The Italian Benedictines began their claim for Dajla monastery in 2004. Four years later, Pope Benedict established a special commission of cardinals to rule on the issue. They reported back to the Pope in December 2010.
The commission’s decision in favor of the Italian Benedictines caused protests in Croatia and led to Bishop Ivan Milovan of Porec and Pula being temporarily suspended by Pope Benedict last month to finally allow the agreement to be signed.
The Vatican ruling seemed to have particularly angered some Croatians as the Italian Benedictines had already received 1.7 billion liras (approximately $1.2 million dollars) in 1975 when the Treaty of Osimo finally settled the Yugoslav-Italian border.
The row comes only two months after Pope Benedict’s visit to Croatia which was acclaimed by most observers as a diplomatic success.
Vatican City, Aug 11, 2011 (CNA/EWTN News) - Five hundred young people are traveling over 7,000 miles in seven days just to see Pope Benedict XVI in Madrid next week – and they all say it’s worth it.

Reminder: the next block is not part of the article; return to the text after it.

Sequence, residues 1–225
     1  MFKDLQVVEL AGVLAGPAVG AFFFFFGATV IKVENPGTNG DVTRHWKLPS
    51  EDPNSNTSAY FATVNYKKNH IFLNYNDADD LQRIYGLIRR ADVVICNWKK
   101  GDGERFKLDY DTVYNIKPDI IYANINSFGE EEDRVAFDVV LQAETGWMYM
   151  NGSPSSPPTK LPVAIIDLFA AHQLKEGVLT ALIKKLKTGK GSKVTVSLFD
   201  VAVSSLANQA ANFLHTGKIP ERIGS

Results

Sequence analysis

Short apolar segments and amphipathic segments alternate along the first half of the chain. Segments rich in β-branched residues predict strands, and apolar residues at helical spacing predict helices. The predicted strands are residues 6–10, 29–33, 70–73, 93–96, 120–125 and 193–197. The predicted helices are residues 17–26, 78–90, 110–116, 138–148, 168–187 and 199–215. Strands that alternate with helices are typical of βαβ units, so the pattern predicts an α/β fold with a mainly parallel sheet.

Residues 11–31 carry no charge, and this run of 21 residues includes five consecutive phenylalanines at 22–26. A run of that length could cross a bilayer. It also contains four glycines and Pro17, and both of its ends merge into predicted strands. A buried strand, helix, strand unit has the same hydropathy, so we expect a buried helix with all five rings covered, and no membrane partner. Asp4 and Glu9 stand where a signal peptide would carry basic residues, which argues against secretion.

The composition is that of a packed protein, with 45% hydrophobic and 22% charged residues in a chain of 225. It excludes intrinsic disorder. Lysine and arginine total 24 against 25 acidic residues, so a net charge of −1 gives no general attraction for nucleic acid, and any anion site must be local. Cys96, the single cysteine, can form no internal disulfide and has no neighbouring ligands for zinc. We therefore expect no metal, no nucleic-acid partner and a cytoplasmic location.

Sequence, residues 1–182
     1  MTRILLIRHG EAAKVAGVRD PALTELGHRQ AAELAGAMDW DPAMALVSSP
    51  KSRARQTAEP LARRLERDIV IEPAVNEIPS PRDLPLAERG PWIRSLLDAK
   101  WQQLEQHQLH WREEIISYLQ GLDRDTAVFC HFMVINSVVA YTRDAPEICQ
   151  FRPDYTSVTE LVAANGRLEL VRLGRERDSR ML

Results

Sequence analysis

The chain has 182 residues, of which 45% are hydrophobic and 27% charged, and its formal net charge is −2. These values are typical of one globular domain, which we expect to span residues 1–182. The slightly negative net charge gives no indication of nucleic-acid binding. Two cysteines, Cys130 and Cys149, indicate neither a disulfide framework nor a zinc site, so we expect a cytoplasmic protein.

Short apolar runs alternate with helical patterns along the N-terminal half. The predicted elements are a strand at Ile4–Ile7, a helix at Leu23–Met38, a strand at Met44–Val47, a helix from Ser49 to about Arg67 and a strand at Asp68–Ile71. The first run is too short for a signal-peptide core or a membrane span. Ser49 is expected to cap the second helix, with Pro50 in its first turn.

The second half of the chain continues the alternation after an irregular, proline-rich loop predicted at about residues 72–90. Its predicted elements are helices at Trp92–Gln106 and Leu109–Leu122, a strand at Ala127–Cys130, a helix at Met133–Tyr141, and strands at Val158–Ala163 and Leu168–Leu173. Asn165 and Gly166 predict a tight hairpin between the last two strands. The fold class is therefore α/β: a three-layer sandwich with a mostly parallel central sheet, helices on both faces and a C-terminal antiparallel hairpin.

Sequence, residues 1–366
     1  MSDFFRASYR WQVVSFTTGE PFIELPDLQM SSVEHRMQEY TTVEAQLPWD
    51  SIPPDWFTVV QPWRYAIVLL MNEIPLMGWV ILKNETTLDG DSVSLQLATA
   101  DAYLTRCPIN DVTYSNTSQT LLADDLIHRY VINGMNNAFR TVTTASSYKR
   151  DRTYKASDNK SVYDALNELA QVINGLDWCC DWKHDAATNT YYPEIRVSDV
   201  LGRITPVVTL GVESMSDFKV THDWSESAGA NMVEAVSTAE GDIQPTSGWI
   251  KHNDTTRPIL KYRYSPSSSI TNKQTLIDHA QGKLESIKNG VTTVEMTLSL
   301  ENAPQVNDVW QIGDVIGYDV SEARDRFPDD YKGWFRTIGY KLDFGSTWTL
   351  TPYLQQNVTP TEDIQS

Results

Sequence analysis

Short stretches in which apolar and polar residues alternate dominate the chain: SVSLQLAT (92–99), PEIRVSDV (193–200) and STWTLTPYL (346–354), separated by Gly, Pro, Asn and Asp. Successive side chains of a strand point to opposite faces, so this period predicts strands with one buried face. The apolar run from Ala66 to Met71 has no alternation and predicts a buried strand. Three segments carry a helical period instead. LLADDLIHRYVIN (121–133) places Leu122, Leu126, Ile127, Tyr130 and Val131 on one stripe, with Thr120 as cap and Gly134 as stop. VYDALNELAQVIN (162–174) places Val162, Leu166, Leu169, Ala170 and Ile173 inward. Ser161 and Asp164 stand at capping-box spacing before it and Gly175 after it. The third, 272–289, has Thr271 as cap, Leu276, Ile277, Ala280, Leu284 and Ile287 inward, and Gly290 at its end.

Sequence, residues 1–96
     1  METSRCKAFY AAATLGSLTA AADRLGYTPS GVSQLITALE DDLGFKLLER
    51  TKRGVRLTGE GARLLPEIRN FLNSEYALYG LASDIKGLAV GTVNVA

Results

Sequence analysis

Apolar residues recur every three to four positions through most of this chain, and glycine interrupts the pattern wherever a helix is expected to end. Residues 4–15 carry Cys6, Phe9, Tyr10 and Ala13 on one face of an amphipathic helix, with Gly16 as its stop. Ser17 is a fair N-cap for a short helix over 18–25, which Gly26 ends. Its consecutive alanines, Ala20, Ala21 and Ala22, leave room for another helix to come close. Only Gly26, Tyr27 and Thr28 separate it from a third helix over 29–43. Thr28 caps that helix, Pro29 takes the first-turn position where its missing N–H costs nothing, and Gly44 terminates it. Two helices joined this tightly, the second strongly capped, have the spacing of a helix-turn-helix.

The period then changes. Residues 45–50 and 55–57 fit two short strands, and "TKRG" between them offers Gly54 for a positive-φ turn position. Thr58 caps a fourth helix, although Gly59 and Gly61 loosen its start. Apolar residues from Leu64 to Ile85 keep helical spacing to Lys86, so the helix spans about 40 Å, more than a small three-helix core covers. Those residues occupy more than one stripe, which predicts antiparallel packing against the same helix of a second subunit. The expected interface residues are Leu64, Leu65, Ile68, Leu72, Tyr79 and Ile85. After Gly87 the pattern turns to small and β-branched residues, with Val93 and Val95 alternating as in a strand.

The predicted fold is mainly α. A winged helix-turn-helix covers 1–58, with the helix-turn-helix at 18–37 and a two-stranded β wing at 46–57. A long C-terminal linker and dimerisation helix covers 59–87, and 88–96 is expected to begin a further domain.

“It’s important to be there because there are not many Catholics in Taiwan and so we thought it would be good for our young people to gain a broader vision of the whole Catholic Church,” group leader Angela Ng told CNA.
The group of pilgrims hails from the island of Taiwan--the only part of China that didn’t fall under communist rule following the Chinese civil war of 1946-50. It has a population of 23 million, of which only two percent are Catholic.
CNA met up with a group of 30 young Taiwanese pilgrims in St. Peter’s Basilica, where they had just attended Mass. Italy, however, is just the latest stop for the group on a journey that has taken them from Taiwan to Hong Kong to Germany to Rome and finally to Madrid.
“I feel really excited but obviously very tired too,” said Christina Chen, one of the young pilgrims.